The widely held understanding of philanthropy in Africa recognizes and presupposes the flow of resources, effort and generosity largely in one direction: from outside of Africa into Africa. For centuries that notion has remained mostly unchanged. Africa has the reputation of being a foreign aid dependent continent, which is in reality far from the truth.
There is a growing body of evidence that Africa’s wealth is increasing and high net worth Africans are sprouting across the continent at a remarkable rate. The 2014 Africa Wealth Report indicates that the number of high net worth individuals in Africa grew by over 150% between 2000 and 2013, more than double the global rate. This has resulted in the emergence of foundations and charities set up by Africans like Aliko Dangote, Mo Ibrahim, Tony Elumelu, Folorunsho Alakija and Graça Machel to name a few. Efforts are also being made by Africans in the diaspora to give back to the continent by forming organizations to fund and volunteer in Africa. This indicates that even larger supplies of effort and resources circulate both from Africans outside the continent to those at home as well as within the African continent itself.
This phenomenon is not just the result of increasing wealth on the continent and the growing numbers of corporate, private and family foundations, charities and non-profits cropping up every year; it is also growing among what I call ‘everyday Africans’; the middle and lower class people who too recognize the needs within their communities and who mobilize their collective resources to be agents of change themselves. These range from feeding orphans in their communities to sinking boreholes for clean water.
The growing trend in African philanthropy has been the use of mobile money as a means of raising money for causes. In 2011, ‘Kenya for Kenyans’, a campaign to provide famine relief to over 3 million Kenyans, raised £6million from 250,000 individuals. Various platforms, like Afineety, M-Change and Startme have also been set up to facilitate crowdfunding for individuals and groups seeking funding for everything from capital or causes. Local philanthropists want to give back and are increasingly giving to causes they care about within their communities and responding to mass appeals. And digital resources are making it easier and trackable.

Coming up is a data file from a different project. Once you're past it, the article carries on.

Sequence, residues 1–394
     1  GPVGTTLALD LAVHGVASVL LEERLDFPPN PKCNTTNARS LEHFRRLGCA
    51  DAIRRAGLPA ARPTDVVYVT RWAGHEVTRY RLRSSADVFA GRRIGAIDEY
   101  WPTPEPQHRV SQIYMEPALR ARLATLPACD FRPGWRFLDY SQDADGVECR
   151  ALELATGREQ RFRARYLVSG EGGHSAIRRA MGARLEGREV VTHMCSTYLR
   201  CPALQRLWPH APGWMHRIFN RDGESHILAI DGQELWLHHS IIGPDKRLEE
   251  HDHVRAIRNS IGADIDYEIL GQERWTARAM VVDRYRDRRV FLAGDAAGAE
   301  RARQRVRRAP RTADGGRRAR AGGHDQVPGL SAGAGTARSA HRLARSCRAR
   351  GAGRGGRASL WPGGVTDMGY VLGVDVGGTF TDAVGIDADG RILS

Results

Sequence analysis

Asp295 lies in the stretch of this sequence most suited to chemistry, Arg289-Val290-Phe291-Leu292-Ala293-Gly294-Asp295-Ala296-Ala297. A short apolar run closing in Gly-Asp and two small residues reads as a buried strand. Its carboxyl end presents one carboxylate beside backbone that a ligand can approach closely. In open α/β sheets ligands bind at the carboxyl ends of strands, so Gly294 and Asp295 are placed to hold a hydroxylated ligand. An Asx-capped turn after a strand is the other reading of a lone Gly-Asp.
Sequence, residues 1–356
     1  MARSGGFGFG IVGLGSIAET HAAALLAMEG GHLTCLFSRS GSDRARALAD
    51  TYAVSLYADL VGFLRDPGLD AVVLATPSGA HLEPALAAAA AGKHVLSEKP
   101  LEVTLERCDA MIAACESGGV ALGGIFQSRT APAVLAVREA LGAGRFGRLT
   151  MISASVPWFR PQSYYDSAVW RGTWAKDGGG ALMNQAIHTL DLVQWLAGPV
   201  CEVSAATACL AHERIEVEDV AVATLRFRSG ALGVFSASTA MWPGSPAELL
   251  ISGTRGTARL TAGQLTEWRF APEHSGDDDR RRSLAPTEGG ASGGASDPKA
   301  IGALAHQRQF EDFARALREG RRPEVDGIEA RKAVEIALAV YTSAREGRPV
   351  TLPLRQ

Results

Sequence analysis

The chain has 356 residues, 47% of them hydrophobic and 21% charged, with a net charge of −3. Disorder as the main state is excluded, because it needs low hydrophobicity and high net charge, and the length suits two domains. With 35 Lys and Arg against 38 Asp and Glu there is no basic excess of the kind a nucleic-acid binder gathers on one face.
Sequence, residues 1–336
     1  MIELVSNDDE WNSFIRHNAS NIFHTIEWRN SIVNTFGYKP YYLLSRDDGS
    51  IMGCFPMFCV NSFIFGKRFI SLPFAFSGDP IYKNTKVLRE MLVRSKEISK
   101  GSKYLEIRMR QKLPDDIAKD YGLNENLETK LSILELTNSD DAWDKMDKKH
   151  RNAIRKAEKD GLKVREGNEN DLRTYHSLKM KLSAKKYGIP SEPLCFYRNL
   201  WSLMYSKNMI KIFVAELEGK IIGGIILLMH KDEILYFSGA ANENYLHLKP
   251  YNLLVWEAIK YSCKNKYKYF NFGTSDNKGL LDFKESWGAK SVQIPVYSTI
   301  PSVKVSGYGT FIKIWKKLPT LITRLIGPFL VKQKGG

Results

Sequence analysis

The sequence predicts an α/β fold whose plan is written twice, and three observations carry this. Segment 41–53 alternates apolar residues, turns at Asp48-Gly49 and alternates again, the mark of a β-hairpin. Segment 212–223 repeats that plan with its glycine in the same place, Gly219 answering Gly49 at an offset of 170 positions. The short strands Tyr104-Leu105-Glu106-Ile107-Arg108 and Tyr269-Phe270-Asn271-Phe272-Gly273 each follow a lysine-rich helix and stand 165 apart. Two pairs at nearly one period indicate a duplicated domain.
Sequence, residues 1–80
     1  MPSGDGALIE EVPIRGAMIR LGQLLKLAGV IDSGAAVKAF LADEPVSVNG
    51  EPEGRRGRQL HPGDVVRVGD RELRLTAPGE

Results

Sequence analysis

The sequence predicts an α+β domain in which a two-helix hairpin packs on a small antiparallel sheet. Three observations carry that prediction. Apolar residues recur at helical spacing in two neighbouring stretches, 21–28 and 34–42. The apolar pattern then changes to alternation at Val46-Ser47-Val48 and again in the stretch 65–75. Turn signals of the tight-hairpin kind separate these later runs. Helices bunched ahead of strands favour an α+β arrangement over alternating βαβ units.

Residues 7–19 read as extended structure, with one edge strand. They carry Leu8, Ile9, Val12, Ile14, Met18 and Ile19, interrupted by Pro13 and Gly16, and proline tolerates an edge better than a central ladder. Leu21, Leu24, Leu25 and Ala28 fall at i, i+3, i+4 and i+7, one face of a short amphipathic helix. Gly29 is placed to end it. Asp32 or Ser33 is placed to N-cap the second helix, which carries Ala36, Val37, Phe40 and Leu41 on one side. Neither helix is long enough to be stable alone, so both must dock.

However, what has not grown along with their effort and agency is the global recognition of the scale and impact. There are many reasons why this is the case, and I would argue that because of its peculiarities and manifestation, African philanthropy needs its own name. Here are some reasons why:
1. It is not a new concept: practices like Harambees, Tontines and Susu to mobilize funding within community support groups have existed across the continent for a long time.
2. It is growing fast. One need look at indicators such as the growth in remittances returned to the continent from Africans in the diaspora, which according to the World Bank exceeded Overseas Development Assistance by three to four times in 2013 alone.
3. It is difficult to capture.